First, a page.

Just one week after vowing not to adjust business hours in the wake of an employee testing positive for the coronavirus, SNOB restaurant on Sunday morning announced it is shutting its doors indefinitely following a third employee's positive results.
“We have been working with DHEC and following the CDC’s guidance on cleaning, sanitizing and social distancing,” Hall Management Group Director of Operations Jim Wahlstrom said in a statement announcing the temporary closure. “Along with deep cleaning our restaurant again, we will test every SNOB employee before reopening.”
The Post and Courier on June 6 obtained an internal document informing SNOB workers that a colleague had tested positive for the potentially lethal virus; the memo was shared by recipients who were concerned that the company wasn’t arranging for widespread testing.
Hall Management Group at the time confirmed the case, issuing a statement which said, “Our restaurant has been deep cleaned and we will be open for business (tonight.)”
Under state and federal law, restaurants are not required to close when an employee tested positive for COVID-19, nor are they obliged to notify employees or guests of the situation. Still, several Charleston area restaurants have chosen to alert their communities in hopes of stemming the pandemic, which is surging in South Carolina.
Among the local restaurants which have temporarily closed since SNOB opted to press ahead with service are Cru Café, Purlieu, Melfi’s, O-Ku, Fleet Landing and Indaco.
As restaurant owners and workers have noted, venues which have conformed to guidelines provided by the S.C. Restaurant and Lodging Association, which the state has held up as the gold standard, have not been able to fend off employee cases.
Because restaurant owners can’t control the behavior of workers outside of their restaurants, or the behavior of patrons within them, they say social distancing suggestions, masks and constant disinfecting doesn’t guarantee they won’t have to deal with an employee testing positive.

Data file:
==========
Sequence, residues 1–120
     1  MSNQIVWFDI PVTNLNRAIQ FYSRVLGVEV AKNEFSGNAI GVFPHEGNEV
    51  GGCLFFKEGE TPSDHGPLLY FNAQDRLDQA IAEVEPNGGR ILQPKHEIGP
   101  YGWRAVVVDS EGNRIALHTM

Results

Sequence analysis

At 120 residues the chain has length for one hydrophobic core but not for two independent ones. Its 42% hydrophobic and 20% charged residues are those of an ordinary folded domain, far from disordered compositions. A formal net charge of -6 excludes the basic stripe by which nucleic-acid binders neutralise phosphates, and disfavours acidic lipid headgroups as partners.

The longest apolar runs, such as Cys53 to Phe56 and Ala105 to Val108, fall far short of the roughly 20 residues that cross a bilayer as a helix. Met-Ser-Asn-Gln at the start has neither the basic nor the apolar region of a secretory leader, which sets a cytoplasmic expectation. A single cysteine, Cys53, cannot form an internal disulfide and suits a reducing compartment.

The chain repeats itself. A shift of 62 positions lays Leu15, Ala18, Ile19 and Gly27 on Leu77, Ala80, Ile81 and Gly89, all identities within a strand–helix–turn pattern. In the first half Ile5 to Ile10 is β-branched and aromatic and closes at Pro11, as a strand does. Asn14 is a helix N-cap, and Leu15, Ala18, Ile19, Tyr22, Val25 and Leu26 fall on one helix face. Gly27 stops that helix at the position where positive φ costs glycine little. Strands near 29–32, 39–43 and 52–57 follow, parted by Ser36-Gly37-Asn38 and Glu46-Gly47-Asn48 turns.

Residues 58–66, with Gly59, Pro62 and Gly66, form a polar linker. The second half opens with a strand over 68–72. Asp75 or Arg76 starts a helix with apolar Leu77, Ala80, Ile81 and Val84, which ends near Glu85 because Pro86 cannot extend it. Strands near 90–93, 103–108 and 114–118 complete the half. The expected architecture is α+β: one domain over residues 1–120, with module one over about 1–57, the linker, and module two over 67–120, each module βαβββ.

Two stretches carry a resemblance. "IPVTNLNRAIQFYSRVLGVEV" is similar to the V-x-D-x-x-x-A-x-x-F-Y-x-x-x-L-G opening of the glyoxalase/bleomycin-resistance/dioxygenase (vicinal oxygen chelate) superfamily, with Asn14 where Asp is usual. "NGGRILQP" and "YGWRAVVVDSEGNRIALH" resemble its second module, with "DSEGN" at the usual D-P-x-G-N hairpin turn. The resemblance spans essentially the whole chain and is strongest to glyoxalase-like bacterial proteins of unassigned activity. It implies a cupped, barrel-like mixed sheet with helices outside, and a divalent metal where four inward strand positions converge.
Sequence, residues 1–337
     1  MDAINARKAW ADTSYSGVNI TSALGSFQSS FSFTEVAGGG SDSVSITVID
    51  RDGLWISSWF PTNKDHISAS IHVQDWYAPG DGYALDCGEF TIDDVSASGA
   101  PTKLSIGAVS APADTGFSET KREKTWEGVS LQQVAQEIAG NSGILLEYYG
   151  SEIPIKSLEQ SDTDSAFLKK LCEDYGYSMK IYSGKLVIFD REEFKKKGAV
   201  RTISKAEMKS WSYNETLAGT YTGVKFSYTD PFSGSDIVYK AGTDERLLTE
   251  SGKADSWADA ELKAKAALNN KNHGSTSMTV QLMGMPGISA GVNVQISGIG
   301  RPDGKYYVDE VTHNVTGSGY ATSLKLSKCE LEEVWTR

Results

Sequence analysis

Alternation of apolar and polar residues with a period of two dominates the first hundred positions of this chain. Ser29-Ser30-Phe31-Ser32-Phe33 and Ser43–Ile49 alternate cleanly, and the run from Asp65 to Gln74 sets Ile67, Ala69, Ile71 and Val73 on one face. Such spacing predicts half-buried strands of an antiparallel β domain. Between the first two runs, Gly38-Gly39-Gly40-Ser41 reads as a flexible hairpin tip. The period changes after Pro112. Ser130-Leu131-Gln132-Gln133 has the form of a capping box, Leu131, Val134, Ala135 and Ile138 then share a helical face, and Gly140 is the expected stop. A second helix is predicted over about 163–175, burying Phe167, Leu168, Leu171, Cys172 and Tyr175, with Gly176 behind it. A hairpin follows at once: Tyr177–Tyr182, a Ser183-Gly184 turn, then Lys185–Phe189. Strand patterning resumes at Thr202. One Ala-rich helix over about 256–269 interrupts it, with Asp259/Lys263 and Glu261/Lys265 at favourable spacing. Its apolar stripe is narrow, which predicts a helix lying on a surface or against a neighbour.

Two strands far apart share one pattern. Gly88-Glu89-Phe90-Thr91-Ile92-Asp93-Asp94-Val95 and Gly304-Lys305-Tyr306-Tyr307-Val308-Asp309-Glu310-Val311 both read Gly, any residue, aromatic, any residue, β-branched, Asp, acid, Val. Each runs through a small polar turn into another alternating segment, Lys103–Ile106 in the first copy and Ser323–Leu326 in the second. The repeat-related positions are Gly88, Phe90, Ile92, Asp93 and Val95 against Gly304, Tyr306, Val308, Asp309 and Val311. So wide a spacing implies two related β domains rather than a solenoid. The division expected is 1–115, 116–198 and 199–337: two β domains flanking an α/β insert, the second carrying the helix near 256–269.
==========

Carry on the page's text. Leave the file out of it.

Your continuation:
Additionally, the nature of restaurant work means coworkers perpetually come into closer contact than employees at other retail outlets.
As one of the employees who last week shared concerns with The Post and Courier said, “They’re trying with gloves and masks, but we’re at lineup at the chef’s counter and we’re literally right next to each other.” While the pre-shift meeting covering menu additions, important guests and special occasions varies in length, the employee estimated it lasts an average of 30 minutes.
Other opportunities for employees to stand inches apart include the host stand, where two people are always assigned to work during dinner; the grill, which is staffed by multiple cooks; and staff meal, eaten unmasked by workers sitting side-by-side.
SNOB, or Slightly North of Broad, is among downtown Charleston's most iconic restaurants, dating back to 1993 when it opened under the auspices of Maverick Southern Kitchens with legendary chef Frank Lee at its helm. The company headed up by Dick Elliott in 2015 sold SNOB and its other properties, including High Cotton and Old Village Post House, to Hall Management Group.
Hall Management Group also operates several locations of Halls Chophouse and Rita's Seaside Grill. It has not yet reported employees testing positive at its other restaurants, but attributed the SNOB closure to a desire "to help limit the spread of the coronavirus."